Sometimes, our hurt is so great we feel that if we get rid of the anger, hurt and resentment, there won’t be anything left of us.

This is never really true. We were something, someone, a whole person before the event, and once we release the feelings of abandonment, rejection or betrayal we open ourselves to discovery, acceptance and loyalty and love. We become whole again.

If the person who needs to be forgiven is a partner or spouse, think about how you would like your relationship to change, to benefit you. Now imagine yourself being the change you want to see in the relationship. The relationship can be made whole, and you will reap the benefits of letting go of negative emotions. You and your partner will no longer be held in a stalemate of resentment.

Once you forgive successfully, you feel the burden lifted. There is a sense of freedom and elation. We sometimes think that if we hold a grudge long enough, punish a person sufficiently, we will free ourselves. It never works that way. As Gandhi said, “An eye for an eye makes the whole world blind.”

All people are fallible. Everyone makes mistakes. Since we all make mistakes, by forgiving others we are recognizing that we are not perfect either, and that we too, deserved to be forgiven. C.S. Lewis put it this way: “To be a Christian means to forgive the inexcusable because God has forgiven the inexcusable in you.”

Research on the mind shows a definite correlation between forgiveness and health. The physical body, when it holds onto anger, shows increased signs of stress. The heart, in particular, suffers.  But by recognizing and then consciously letting go of our anger, trying to see the situation from another angle and understand it in a new way, you allow yourself to react in a new way, physically and emotionally.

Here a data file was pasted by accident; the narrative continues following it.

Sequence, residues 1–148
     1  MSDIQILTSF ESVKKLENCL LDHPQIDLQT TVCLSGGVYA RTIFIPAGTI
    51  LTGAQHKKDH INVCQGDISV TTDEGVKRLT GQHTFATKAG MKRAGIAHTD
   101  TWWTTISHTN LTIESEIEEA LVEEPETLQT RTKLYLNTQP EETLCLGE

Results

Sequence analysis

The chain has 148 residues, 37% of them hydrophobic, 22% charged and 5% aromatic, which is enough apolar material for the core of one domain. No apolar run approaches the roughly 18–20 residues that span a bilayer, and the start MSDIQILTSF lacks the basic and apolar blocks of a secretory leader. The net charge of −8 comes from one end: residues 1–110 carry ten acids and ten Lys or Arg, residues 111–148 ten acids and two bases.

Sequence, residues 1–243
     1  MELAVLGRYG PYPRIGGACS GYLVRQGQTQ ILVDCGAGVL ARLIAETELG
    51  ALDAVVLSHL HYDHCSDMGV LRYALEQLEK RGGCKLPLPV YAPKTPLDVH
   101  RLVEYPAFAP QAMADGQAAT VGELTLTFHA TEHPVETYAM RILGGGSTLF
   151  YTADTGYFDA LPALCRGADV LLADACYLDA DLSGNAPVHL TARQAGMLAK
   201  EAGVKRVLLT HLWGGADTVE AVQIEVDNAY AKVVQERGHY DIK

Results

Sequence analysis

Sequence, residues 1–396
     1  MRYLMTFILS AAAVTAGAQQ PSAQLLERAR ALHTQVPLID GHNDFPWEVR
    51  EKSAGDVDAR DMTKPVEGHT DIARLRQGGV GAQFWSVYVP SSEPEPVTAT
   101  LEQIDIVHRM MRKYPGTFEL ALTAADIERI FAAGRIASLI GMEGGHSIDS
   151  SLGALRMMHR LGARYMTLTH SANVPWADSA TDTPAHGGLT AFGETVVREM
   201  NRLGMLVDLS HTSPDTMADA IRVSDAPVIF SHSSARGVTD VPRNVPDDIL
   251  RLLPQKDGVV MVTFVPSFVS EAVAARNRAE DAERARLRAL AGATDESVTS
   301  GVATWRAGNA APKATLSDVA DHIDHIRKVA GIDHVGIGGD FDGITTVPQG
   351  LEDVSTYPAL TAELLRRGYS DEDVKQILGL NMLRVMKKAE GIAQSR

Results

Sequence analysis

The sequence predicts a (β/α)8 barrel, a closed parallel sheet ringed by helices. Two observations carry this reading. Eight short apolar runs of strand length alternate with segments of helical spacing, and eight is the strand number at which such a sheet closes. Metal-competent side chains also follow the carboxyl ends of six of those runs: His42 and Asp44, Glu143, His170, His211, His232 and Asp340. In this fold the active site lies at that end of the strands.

Even if you come to the conclusion that the person who wronged you did it because they are unable to behave any other way, you have gained insight and reason. Perhaps their whole life they have been treated just this way and do not know anything different. This is particularly true of abuse. Abuse is a cyclic. By forgiving, you take yourself out of the cycle because you are in effect stopping the cycle. You are seeing it in a different way, something an abuser is unable to do. But it can be done.

Gandhi also recognized that forgiveness does not come easily. “The weak can never forgive. Forgiveness is an attribute of the strong.”

Corrie Ten Boom, concentration camp survivor and author of The Hiding Place said “Forgiveness is an act of the will, and the will can function regardless of the temperature of the heart.”

It is hard to forgive someone when they have wounded us deeply. It is hard, when someone asks for forgiveness to be able to give up our desire to punish and seek revenge.

The task is even more difficult if the offender does not or cannot ask for forgiveness.  How can they accept responsibility if, for example, they are dead? In this case we must imagine that they truly want to be forgiven. We must imagine that they accept responsibility for what they did. Then we move forward and actively release them. In doing so, we release ourselves. We become whole again.

Eastern philosophy recognizes the importance of forgiveness as well. If you believe in karma, then you can forgive because you know that that every person who makes a mistake will sooner or later have to face the consequences of those actions. Karma will find you, in this life or another. If you are able to forgive, then you have released yourself from the lesson and can move on, but the person who wronged you must recognize what they have done in order to move on, in this life or the next.

When you decide to forgive you self-advocate. When you forgive others, you are saying that you too make mistakes and deserve to be forgiven. Forgiveness may not be an easy task, but one that is well worth the effort.